Biochem FA clarification

Discussion in 'Step I' started by NYMed, May 13, 2008.

  1. NYMed

    NYMed Senior Member

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    So I noticed that one of the FA corrections says that the rate-limiting step of gluconeogenesis is fructose 1,6 bisphosphate and not pyruvate carboxylase. I was just going through questions on USMLERx, and one of the question directly asked me what the rate limiting step was. I put down fructose 1,6 bisphosphate, but the correct answer was pyruvate carboxylase. I looked it up in Lippincott's Biochem and BRS biochem, and neither one mentions which is the rate-limiting step, although both list pyruvate carboxylase as the first step. Can somebody clarify this for me? Do you think USMLERx has pyruvate carboxylase as the answer because that's what it says in FA and it's made by the same people? Or is that actually the answer? Thanks!
     
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  3. alpha06

    alpha06 Senior Member
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    Yes. USMLERx and FA are both wrong. The rate-limiting enzyme for gluconeogenesis is fructose-1,6-bisphosphatase.

    My source: RR biochem 2nd ed. by pelley and goljan. p.95
     
  4. agranulocytosis

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    My Kaplan Biochem text technically doesn't state that fructose-1,6-bisphosphatase is the rate-limiting enzyme like it does for other processes. BUT, for all intents and purposes, this is the enzyme that's most regulated and thus serves the function of a rate-limiting enzyme (i.e. activation by ATP and inhibition by AMP and fructose-2,6-bisphosphate).

    "f-1,6-bpase in the cytoplasm is a key control point of gluconeogenesis" as quoted from Kaplan.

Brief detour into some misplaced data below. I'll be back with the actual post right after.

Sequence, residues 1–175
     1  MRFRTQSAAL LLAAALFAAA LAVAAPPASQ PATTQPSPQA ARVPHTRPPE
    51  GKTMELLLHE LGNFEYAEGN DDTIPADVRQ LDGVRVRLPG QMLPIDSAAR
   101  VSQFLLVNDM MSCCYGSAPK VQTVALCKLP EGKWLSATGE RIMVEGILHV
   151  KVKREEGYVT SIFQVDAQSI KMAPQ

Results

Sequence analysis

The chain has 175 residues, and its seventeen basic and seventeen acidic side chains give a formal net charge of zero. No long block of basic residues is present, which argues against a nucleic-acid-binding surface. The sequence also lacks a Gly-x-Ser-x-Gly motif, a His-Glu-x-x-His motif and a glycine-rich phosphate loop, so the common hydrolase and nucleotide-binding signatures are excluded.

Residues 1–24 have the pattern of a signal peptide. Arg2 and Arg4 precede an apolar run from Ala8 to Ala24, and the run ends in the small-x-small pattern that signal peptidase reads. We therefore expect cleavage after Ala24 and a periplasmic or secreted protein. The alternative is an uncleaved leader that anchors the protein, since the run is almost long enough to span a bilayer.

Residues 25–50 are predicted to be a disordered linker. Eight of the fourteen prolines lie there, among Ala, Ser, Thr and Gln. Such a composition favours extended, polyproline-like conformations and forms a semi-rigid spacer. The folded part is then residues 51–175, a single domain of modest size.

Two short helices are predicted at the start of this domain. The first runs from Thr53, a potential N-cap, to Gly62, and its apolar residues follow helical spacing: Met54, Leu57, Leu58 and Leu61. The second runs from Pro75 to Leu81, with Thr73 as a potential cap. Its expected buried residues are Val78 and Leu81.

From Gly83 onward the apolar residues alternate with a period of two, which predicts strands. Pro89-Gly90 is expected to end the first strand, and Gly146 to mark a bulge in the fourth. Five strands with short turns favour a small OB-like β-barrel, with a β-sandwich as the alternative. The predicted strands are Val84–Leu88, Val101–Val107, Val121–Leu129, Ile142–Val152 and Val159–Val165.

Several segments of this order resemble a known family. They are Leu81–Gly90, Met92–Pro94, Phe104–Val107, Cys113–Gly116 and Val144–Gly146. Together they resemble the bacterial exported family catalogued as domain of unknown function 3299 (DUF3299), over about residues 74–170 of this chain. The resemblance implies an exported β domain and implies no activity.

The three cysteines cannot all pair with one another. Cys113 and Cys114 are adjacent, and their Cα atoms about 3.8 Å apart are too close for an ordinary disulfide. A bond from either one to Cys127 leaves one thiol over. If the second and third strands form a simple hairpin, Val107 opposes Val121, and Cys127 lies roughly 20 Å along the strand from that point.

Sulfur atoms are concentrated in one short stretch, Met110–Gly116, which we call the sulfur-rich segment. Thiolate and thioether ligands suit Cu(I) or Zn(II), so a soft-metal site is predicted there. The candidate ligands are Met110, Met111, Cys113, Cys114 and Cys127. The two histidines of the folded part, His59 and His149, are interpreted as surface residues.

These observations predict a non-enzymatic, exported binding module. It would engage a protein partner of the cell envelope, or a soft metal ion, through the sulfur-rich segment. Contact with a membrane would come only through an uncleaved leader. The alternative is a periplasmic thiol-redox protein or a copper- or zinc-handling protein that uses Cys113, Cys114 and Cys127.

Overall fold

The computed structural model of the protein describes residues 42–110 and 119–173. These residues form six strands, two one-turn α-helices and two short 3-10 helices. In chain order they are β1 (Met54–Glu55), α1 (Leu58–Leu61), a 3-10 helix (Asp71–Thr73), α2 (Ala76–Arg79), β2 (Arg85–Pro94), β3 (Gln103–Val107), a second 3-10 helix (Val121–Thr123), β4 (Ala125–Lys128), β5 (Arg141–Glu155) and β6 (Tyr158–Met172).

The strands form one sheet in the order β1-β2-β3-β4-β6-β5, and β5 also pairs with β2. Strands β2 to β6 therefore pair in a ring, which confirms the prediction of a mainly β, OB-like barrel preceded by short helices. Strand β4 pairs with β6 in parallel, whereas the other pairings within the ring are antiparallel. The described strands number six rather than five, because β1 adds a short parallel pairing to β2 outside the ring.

5. DwyaneWade

    DwyaneWade Reiging *** Cynic

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    Yes, I got a similar question wrong OP and looked it up in the big ol' biochem text. It's F6BP
     
  6. hdu

    hdu Member

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    Allow me some observations with my best intention:

    NYMed: "So I noticed that one of the FA corrections says that the rate-limiting step of gluconeogenesis is fructose 1,6 bisphosphate and not pyruvate carboxylase"

    DwyaneWade "Yes, I got a similar question wrong OP and looked it up in the big ol' biochem text. It's F6BP"

    Comments:

    fructose 1,6 bisphosphate is a metabolite. It can not be the rate limiting step. You can say "the formation of Fructose 1,6 bisposphate is the rate limiting step" or "the degradation of Fructose 1,6 bisphosphate is the rate limiting step..." but not the metabolite per se. The name of the enzyme is fructose 1,6 bisphosphatase.

    F6BP is not this metabolite name. F1,6BP is. If you say F6BP you are saying Fructose 6 Bisphosphate. It would mean a fructose with two phosphates in position 6.
    F2,6BP is a different metabolite that is very important in the regulation of gluconeogenesis and glycolysis. Be aware of the differences and be specific about the metabolite name and the position of the two phosphates in fructose.

    Do not hesitate to contact me if you think I can be of some help

    My blog www.biochemistryquestions.wordpress.com
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  7. DwyaneWade

    DwyaneWade Reiging *** Cynic

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    I know the difference :rolleyes:

    Sue me for abbreviating fructose 1 6 bisphosphatase as F6BP. Dropped a 1.

    Thanks for the offer though! :)
     
  8. osli

    osli Senior Member

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    Nevermind
     
  9. NYMed

    NYMed Senior Member

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    Sorry, I meant to say fructose 1,6 bisphosphatase
     
  10. LUBDUBB

    LUBDUBB Freakaholic

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    F16BPase is the rate-limiting step in gng. However, the question does bring up an important concept though, which is: Pyruvate handling in fasting(GNG) vs. Fed state (krebs cycle, Fatty acid synthesis).

    In Fed state, glycolysis -> pyruvate --> acetyl CoA - VIA PDH

    In the fasting state, when you need gluconeogensis, PDH is inhibited (and Pyruvate Carboxylase is turned on) by acetylCoa/NADH from B-oxid of FA;this is to ensure that PYR (made from substrates) is shunted to OAA to make glucose and not futilely cycled through krebs.

    Another major major regulatory point, I believe, is PEPCK, whose gene transcription is induced by Glucagon.
     

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